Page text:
80 years anniversary 1937 - 2017

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80 years anniversary
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Tyre labelling law from 2012

The European Parliament has recently voted in favour of a labelling system for Tyres similar to that applied to Washing Machines and Refrigerators.

The labels will become mandatory in November 2012 and it is hoped that it will help consumers when trying to decide which tyre to buy by indicating the Tyres rating in three key areas.

Fuel efficiency

The Fuel efficiency is indicated by Labels A to G, in which A, B and C are green (GOOD) through to E, F and G which are yellow, Orange and Red (POOR)

Fuel Efficiency is Measured as rolling resistance at 50mph, the lower the score the better the rating.

D remains blank at the moment

Wet grip

Again using the A-G system the tyres are rated on how far they travel when slowing down from 50 mph to 12 mph in wet conditions.

A bench mark was set and the percentage of the distance travelled was calculated:

  • tyres that stop between 10-24% short of the mark are labelled E
  • tyres that stop between 25-39% short of the mark are labelled C
  • tyres that stop between 40-54% short of the mark are labelled B
  • tyres that stop 55% or more in front of the mark will be label A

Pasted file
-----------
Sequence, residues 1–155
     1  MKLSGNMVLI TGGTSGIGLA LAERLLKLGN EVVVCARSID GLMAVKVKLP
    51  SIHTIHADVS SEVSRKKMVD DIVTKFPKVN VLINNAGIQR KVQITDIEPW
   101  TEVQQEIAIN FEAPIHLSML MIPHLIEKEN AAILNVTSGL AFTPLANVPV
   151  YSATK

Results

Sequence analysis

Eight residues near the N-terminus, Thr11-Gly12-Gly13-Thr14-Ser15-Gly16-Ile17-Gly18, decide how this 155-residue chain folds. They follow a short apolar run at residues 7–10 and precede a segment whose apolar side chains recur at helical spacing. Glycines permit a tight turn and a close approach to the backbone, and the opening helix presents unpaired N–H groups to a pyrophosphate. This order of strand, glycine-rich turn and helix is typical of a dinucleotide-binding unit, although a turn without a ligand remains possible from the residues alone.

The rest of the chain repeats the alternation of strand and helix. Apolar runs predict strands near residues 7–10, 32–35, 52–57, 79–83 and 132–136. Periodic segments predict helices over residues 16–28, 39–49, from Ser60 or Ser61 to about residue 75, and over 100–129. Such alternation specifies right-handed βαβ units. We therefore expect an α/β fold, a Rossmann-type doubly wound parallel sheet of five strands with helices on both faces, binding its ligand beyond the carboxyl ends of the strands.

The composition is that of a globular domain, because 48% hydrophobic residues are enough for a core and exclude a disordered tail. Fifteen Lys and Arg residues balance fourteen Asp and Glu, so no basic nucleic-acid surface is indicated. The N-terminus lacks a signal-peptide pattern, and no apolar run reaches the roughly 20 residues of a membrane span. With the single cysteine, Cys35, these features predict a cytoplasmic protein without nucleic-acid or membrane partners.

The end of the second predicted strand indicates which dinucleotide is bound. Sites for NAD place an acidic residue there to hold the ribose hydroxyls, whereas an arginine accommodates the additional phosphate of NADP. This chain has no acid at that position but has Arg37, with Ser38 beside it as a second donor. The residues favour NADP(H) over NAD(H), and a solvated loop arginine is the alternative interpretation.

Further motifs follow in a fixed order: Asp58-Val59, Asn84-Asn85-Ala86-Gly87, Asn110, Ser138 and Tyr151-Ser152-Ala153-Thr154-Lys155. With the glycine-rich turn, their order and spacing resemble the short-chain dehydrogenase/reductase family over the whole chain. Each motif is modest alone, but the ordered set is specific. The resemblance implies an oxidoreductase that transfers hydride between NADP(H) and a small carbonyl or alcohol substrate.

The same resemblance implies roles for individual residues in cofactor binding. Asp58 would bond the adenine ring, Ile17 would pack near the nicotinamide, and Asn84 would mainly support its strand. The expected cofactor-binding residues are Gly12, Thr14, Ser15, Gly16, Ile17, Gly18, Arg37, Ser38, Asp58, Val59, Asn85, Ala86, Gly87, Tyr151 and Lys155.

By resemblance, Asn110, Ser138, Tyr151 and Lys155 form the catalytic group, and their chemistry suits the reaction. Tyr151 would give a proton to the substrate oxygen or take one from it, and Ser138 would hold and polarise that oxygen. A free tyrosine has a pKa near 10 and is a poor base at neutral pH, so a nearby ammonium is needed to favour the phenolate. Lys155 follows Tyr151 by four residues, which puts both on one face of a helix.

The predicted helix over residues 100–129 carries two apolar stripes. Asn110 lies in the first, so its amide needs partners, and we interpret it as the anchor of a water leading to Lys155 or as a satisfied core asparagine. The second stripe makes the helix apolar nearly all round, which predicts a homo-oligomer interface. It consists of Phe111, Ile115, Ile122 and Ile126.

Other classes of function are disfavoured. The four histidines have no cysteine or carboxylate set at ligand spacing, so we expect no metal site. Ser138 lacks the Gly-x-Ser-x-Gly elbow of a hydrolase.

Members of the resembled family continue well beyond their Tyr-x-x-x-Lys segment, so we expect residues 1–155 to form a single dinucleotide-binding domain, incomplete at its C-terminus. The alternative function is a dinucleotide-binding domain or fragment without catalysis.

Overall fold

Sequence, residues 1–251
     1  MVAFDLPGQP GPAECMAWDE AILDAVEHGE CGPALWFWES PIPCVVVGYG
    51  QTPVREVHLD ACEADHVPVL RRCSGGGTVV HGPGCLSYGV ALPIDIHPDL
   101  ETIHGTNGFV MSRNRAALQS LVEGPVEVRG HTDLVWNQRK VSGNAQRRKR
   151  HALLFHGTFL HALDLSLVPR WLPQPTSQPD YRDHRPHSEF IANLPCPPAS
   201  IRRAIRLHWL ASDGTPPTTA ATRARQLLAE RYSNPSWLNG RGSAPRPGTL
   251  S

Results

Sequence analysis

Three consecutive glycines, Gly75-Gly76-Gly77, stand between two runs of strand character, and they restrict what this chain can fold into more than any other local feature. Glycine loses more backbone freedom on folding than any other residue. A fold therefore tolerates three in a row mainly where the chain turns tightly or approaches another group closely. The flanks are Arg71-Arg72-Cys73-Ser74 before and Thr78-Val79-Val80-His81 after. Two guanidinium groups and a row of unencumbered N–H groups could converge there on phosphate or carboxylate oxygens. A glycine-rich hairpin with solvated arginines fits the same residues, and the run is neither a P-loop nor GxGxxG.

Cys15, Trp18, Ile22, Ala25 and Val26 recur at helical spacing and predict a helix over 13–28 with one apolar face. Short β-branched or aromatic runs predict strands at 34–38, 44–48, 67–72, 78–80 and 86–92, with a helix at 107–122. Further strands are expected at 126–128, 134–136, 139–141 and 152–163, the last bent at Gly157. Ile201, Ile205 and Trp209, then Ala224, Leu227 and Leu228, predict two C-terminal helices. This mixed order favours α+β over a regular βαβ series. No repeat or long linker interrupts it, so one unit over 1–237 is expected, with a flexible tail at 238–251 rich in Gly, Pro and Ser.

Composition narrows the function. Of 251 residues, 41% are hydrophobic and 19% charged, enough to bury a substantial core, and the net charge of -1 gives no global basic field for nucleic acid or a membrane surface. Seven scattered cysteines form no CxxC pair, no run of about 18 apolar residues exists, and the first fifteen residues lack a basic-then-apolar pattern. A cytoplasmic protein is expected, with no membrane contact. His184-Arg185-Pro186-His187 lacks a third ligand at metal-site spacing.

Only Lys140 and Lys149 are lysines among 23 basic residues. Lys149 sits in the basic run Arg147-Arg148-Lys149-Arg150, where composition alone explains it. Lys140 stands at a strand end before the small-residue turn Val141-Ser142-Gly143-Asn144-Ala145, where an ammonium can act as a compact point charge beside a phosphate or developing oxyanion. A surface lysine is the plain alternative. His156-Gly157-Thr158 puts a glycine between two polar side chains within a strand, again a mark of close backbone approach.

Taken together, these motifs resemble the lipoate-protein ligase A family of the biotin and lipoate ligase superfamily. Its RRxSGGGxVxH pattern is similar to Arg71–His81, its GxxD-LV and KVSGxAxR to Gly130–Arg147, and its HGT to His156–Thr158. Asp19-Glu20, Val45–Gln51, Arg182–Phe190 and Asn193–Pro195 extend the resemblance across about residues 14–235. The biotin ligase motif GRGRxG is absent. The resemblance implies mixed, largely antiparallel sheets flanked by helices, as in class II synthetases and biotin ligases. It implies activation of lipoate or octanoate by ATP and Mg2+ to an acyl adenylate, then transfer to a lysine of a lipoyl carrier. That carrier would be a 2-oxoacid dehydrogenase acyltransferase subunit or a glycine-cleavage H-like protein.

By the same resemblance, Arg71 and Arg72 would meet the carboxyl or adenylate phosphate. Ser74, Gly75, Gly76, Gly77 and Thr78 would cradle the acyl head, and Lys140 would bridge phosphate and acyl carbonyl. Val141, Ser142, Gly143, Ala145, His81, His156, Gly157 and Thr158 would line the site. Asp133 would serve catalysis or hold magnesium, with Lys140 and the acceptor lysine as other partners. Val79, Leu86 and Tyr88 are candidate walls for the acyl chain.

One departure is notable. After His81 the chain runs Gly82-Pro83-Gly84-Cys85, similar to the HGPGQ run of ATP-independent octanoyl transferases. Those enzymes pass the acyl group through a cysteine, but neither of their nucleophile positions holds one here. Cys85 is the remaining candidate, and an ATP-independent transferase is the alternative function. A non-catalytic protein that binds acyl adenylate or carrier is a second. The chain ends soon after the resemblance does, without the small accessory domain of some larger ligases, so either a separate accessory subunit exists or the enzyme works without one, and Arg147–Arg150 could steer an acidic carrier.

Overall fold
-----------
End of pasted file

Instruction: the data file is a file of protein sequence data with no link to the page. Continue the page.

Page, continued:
• D and G will remain blank for now


The External rolling noise(the noise experienced by the surroundings, not the driver)will be indicated by an Icon of a Loud speaker and a number the indicates The Performance for Instance 68 for a 68db result UK TYRE LAW for cars - current tread depth legislation requires that car tyres must have a minimum of 1.6mm of tread in a continuous band throughout the central ¾ of the tread width and over the whole circumference of the tyre.

Although this is the minimum UK requirement we recommend changing your tyres sooner than this as the tread is responsible for water dispersement in wet weather conditions, and the tyres ability is much better with 3mm or more compared to the 1.6mm minimum. A tyre at 1.6mm is only 55% as effective as new tyres when it comes to water dispersement in straight line braking.

Tyre safety

www.tyresafe.org provides lots of information on tyre safety and what you need to be aware of to help keep you and your family safe when in your car, such as guides for checking air pressure.